The United Auto Workers has suffered another stinging defeat as workers overwhelmingly voted against unionizing at the Chinese-owned Fuyao car glass plant in Ohio.
UAW officials blamed what they called the company's aggressive anti-union tactics, and labor experts said it showed that companies have the advantage over efforts by workers to unionize.
Fuyao officials welcomed the decision to reject the union.
The company's founder had caused a stir in China last year by shifting part of his empire to the United States, citing high taxes and soaring labor costs at home.
Employees at the former UAW stronghold in the town of Moraine rejected the idea of unionizing by a two-to-one margin in an election late Thursday that was supervised by the National Labor Relations Board. The final tally showed the UAW lost by a vote of 868-444.
Union organizers went into the election with high hopes but instead suffered the latest in a series of defeats. And as in August, when the effort to organize workers at a Nissan plant in Canton, Mississippi, failed, the union blamed the loss on what they described as a management campaign conducted within the plant.
"Fuyao Workers fighting for a voice in their workplace were unable to win against a barrage of anti-labor tactics and intimidation by management at the Ohio glass plant," the union said in a statement.
"It is disheartening to know that in 2017 there are companies willing to do so much to deny workers a voice and fair treatment," said UAW regional director Rich Rankin.
Harley Shaiken, a labor expert at the University of California, Berkeley said US labor law gives employers an advantage because they can use company resources to counter a union's appeal to workers.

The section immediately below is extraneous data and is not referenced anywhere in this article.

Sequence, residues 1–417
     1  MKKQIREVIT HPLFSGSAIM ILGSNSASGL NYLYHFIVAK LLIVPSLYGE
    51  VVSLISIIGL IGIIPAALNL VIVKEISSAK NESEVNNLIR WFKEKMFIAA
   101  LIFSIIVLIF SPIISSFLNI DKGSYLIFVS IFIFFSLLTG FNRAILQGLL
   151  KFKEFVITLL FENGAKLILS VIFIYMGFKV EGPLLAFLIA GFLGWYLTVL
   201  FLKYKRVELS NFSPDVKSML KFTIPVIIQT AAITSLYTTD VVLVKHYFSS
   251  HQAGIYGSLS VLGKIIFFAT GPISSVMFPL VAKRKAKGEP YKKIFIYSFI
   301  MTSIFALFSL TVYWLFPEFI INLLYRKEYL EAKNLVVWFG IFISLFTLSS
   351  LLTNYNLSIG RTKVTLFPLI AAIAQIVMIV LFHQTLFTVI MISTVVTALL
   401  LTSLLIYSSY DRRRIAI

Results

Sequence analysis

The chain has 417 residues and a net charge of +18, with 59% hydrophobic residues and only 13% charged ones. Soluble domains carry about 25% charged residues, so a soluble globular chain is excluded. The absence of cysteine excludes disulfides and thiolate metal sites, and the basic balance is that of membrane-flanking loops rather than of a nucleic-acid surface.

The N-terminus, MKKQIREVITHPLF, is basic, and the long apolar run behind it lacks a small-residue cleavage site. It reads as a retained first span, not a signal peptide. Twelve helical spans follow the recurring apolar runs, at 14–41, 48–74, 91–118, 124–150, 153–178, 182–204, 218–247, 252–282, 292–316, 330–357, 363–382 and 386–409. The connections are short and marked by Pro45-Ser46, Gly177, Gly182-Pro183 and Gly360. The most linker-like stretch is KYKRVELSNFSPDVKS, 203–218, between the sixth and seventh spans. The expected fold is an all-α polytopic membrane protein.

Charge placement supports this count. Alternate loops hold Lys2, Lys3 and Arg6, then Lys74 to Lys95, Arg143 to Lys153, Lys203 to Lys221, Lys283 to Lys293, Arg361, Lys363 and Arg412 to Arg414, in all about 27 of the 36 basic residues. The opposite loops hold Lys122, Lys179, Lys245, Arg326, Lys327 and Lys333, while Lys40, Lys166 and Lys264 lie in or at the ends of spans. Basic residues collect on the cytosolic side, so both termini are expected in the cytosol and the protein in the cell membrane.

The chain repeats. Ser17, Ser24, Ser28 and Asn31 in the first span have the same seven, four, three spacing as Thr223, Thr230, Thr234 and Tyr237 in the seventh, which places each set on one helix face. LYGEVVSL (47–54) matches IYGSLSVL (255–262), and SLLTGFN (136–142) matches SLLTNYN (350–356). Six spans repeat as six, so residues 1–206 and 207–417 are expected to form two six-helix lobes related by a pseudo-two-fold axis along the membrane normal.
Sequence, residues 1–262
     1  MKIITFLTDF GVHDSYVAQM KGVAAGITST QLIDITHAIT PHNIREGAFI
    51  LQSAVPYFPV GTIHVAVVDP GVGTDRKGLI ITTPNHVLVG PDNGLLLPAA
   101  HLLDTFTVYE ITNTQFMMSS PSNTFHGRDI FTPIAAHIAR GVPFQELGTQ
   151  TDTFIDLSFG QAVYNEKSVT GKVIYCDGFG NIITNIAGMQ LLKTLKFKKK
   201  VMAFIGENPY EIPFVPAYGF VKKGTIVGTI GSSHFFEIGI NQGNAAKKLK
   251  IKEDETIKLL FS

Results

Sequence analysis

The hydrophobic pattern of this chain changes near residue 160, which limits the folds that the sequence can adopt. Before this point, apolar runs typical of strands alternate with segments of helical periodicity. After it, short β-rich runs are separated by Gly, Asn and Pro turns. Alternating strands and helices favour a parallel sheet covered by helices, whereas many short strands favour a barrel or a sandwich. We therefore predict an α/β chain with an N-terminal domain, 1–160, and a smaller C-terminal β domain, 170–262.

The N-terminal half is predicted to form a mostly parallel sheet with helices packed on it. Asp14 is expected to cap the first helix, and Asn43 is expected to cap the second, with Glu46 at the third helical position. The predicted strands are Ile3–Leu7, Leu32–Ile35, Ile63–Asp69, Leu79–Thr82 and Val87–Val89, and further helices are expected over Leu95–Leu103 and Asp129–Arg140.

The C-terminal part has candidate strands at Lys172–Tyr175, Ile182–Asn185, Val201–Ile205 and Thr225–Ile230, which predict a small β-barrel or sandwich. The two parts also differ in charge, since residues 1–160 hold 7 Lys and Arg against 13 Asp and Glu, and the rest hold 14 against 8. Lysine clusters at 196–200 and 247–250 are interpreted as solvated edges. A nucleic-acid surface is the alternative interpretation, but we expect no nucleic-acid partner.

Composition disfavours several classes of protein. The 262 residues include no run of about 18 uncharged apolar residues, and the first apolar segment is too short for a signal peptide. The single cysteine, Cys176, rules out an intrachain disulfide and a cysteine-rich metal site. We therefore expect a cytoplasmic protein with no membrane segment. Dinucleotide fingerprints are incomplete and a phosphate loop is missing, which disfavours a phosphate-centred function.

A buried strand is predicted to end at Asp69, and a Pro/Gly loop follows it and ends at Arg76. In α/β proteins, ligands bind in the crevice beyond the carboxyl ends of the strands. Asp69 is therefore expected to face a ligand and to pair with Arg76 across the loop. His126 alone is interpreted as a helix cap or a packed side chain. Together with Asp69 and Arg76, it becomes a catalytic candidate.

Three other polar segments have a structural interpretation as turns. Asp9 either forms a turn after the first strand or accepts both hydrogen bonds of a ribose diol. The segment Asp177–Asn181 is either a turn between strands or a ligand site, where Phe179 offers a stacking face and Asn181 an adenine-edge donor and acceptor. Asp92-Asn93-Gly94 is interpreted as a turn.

Rankin said Fuyao workers had come to the union with complaints about unsafe workplace conditions, arbitrary policies and unfair and unequal treatment on the job.
In addition to the defeat in Ohio and at the Nissan plant in August, which the UAW also lost by a two-to-one margin, the union also narrowly lost in its effort to unionize a Volkswagen plant in Chattanooga, Tennessee in February 2014.
The UAW later won a vote among skilled trades employees at the VW plant. But the company challenged the results and the union has yet to reach a settlement to negotiate a contract with the German automaker.
Fuyao praised the decision of the Ohio workers to reject what an official called the UAW's "desperate attempt to prop up its revenue in the face of declining union membership worldwide."
"We are pleased that associates chose to maintain a direct relationship with our company and resist the union's attempt to intervene," Fuyao President Jeff Daochuan Liu said.
Fuyao acquired the former General Motors plant in 2014 and opened its first US manufacturing plants the following year as it began to expand its presence in the North American market.
The company's $600 million investment in Ohio came just after then White House candidate Donald Trump threatened to declare Beijing a currency manipulator and slap 45 percent punitive tariffs on Chinese imports to protect American jobs.
As president, Trump has considerably softened his tone on China, going so far as to praise Chinese business acumen, notably on his trip this week to Beijing.
Ironically, amid Trump's push to lower US corporate tax rates to attract investment and create jobs, Fuyao's 70-year-old founder, tycoon Cao Dewang, complained in December about the high taxes and soaring labor costs in China.
The businessman's decision to open a glass factory in Ohio -- a rare case of jobs being exported from China to the US -- triggered an outpouring of criticism on Chinese social media.
Founded in 1987, Fuyao is a major force in the auto parts market and produces 23 percent of the world's car windows. Its customers include most of the world's largest automakers, including Ford, General Motors, BMW, Toyota and Volkswagen.